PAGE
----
With two elections in the same locale, this paper studies the importance of vote-buying to the Kuomintang political machine. The author argues that the role of vote-buying in the KMT political machine is similar to that of lubricating oil in an engine. Without vote-buying, the KMT political machine can not function well.
In the successful election of 1993, there were seven serious obstacles faced by the KMT on the way to building a successful political machine: (1) the scarcity of brokers, (2) the potential incompetence of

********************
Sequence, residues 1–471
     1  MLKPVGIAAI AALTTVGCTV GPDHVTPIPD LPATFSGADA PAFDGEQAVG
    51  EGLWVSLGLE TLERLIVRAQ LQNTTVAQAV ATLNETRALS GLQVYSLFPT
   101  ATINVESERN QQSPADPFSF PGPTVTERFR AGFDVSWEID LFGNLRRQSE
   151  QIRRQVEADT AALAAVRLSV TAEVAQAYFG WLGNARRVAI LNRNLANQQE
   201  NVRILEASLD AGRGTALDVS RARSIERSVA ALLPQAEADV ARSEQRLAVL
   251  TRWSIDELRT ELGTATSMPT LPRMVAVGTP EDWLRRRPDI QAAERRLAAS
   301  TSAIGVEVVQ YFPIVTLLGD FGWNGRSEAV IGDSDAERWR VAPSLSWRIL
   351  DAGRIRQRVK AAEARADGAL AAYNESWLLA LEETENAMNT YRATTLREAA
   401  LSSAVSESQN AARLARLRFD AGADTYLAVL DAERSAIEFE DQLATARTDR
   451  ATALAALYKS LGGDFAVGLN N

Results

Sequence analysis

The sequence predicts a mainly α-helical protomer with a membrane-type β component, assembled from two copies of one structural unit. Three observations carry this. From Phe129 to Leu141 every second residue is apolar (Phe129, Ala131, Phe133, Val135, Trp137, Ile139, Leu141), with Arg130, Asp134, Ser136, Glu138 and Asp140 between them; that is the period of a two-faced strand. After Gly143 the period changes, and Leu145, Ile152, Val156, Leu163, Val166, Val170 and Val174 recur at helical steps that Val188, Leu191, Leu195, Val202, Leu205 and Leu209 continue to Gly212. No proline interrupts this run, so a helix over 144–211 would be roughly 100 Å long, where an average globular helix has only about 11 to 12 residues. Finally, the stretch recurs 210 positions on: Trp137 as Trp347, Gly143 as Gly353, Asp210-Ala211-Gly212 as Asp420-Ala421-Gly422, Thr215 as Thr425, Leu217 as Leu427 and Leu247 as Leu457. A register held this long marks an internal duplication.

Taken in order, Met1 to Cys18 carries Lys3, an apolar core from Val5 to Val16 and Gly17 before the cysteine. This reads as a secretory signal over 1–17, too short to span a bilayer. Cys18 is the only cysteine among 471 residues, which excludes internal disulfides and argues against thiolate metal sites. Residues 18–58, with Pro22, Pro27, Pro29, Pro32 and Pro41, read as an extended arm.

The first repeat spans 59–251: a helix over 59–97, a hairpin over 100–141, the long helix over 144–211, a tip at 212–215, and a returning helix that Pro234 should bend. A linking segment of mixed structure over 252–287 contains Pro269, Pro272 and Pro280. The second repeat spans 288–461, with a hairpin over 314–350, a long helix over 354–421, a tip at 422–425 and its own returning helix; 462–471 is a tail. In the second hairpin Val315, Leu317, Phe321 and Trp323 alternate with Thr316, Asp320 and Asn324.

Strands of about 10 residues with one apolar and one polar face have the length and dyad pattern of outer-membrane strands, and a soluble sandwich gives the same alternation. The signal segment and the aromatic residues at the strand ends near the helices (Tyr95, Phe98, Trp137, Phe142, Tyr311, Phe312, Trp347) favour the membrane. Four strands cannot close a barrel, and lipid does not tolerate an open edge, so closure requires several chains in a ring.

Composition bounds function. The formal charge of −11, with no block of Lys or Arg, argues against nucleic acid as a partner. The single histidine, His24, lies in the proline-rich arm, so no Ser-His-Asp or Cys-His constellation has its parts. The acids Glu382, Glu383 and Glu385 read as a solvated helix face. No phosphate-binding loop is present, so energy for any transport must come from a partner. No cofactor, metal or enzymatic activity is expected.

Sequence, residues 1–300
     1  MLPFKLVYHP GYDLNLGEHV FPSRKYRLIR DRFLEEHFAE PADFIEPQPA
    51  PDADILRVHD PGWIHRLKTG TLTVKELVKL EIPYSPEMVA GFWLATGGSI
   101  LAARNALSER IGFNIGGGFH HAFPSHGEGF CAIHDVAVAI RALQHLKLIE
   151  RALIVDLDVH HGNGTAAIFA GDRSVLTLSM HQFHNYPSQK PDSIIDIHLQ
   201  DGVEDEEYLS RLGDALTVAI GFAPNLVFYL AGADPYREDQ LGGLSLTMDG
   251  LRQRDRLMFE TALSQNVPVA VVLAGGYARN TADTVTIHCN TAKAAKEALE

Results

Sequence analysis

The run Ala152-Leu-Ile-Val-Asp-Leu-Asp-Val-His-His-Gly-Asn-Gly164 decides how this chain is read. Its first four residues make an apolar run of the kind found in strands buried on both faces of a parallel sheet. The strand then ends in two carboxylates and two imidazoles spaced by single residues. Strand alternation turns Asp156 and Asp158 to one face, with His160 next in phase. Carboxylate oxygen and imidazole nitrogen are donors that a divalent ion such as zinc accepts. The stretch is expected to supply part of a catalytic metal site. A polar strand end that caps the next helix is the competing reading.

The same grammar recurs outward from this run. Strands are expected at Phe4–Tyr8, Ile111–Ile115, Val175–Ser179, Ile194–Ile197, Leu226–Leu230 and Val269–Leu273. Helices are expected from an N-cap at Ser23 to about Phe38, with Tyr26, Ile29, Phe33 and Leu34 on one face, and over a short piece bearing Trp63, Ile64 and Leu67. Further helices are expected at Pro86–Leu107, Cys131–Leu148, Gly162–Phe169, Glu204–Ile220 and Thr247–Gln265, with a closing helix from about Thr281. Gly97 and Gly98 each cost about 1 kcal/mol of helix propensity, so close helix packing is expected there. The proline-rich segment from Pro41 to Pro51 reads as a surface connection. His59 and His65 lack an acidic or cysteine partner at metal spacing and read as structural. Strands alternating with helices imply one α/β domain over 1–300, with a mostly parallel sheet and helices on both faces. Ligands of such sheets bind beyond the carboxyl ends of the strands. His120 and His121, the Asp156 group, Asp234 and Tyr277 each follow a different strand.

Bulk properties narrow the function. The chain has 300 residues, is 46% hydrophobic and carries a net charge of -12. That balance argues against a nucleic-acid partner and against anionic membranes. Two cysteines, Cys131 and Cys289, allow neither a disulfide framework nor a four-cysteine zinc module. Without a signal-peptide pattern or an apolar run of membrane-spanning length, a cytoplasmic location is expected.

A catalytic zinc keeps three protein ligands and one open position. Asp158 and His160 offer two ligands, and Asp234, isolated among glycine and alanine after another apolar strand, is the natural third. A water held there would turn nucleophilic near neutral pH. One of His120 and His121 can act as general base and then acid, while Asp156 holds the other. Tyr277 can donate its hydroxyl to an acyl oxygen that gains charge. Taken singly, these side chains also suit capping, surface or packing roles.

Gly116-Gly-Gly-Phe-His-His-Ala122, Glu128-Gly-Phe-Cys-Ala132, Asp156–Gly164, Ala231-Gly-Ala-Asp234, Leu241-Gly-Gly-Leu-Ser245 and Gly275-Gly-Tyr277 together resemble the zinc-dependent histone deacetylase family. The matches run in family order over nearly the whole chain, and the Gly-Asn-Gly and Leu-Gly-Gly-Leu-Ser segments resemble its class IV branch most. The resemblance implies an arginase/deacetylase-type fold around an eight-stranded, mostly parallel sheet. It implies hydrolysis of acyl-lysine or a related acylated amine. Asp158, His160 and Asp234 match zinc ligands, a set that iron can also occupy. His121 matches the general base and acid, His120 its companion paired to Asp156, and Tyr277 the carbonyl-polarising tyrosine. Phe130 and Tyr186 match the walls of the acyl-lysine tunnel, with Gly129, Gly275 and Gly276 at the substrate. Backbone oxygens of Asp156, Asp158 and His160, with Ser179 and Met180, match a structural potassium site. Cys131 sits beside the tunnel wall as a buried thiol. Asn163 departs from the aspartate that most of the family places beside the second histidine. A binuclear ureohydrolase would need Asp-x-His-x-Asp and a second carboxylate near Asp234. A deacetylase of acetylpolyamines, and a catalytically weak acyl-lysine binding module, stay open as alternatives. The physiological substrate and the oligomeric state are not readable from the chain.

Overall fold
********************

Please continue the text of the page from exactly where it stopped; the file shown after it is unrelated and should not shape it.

brokers, (3) factionalism within clientelistic networks, (4) overlaps in factional and broker-level networks, (5) embezzlement, (6) unpredictable managers of mobilizations, and (7) limited funds for vote-buying. Forty-five percent of the voters who accepted the money for vote-buying did not vote for the KMT candidate. However, the obstacles'importance was less than vote-buying.
In the 2000 presidential election, the KMT documents showed that the party used many brokers to mobilize voters. However, without votes-buying, these people in the KMT broker list would not have regarded themselves as brokers, and did not know how to mobilize voters.